It was Taylor who acted as a middle man to overcome the United Nations ban on so-called 'blood diamonds' which were being sold by rebel groups in Sierra Leone and Angola to fund civil wars. Taylor sold them on their behalf as Liberian diamonds even though the country has no diamond mines. In 1999 alone, Liberia reported diamond exports to the United States worth $300 million and, of course, if diamonds were involved so would be De Beers (Rothschilds/Oppenhiemers)
Charles Taylor, a Baptist lay preacher educated in America, had been removed from the country by another agent of depravity called Samuel K. Doe, who took power in a bloody coup. But Taylor returned in 1989 and gathered support to launch a counter-coup. This triggered a terrible civil war between rival ethnic factions, and children as young as eight were forced to take up arms and fight. Doe was tortured to death and rape and murder engulfed the country.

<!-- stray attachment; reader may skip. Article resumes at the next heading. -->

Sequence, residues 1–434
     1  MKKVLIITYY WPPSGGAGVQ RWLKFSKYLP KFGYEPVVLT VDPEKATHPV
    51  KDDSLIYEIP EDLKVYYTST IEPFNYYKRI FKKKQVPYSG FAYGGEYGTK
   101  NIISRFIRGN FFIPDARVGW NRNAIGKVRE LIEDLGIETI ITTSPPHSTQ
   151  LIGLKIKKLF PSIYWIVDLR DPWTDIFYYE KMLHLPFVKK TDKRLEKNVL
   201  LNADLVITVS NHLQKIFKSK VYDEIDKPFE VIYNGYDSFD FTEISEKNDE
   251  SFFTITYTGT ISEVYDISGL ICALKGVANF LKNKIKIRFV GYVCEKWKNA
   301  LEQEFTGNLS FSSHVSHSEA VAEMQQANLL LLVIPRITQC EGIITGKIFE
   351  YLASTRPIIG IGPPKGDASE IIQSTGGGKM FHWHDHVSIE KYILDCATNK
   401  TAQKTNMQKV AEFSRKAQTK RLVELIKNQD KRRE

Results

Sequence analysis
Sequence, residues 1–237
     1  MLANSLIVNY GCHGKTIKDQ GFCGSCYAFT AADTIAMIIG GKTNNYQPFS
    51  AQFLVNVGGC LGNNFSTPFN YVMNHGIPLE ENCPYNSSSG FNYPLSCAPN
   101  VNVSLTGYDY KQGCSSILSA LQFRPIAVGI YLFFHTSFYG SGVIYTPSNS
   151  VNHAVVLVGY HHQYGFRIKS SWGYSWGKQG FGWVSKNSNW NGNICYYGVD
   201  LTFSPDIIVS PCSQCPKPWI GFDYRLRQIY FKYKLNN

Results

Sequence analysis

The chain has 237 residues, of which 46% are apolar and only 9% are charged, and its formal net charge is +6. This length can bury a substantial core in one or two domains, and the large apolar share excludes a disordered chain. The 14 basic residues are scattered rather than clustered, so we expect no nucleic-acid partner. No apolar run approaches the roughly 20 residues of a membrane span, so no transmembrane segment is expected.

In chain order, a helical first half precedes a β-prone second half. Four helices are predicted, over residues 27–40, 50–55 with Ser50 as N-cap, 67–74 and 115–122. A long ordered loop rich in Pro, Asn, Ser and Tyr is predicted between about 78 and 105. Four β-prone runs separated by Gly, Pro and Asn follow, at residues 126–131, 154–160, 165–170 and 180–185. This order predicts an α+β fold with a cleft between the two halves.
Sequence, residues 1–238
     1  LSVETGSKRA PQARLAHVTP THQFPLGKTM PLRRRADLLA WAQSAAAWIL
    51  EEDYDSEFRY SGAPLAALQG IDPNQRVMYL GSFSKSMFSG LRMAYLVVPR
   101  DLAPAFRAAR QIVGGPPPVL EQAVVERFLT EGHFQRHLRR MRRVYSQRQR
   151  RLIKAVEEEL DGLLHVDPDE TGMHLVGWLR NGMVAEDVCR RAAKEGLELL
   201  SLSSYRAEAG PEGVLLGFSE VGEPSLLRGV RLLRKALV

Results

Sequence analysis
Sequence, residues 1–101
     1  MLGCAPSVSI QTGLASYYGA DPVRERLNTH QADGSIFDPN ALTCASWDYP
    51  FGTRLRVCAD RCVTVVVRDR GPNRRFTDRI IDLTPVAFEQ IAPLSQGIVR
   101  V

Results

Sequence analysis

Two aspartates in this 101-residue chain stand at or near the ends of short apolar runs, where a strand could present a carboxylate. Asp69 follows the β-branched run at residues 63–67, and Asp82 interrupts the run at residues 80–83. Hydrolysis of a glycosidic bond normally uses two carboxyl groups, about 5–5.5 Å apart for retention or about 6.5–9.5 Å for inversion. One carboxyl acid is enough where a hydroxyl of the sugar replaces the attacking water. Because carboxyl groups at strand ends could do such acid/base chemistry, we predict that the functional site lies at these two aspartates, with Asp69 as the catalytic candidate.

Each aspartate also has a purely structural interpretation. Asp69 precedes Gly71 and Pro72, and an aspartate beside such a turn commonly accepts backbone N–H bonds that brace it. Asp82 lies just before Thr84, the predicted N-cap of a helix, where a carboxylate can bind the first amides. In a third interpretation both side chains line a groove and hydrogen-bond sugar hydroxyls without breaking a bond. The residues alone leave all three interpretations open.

The violence continued, with rare respites for 'peace talks', and then restarted again. By 1997, 200,000 people were dead, close to a million were forced from their homes and another 700,000 had fled across the borders to neighbouring countries. The population was in terror from the child soldiers who had been turned into monsters - but they were victims, too. A 13-year-old 'soldier' later said:
'They gave me pills that made me crazy. When the craziness got in my head, I beat people on their heads and hurt them until they bled. When the craziness got out of my head I felt guilty. If I remembered the person I went to them and apologized. If they did not accept my apology, I felt bad.'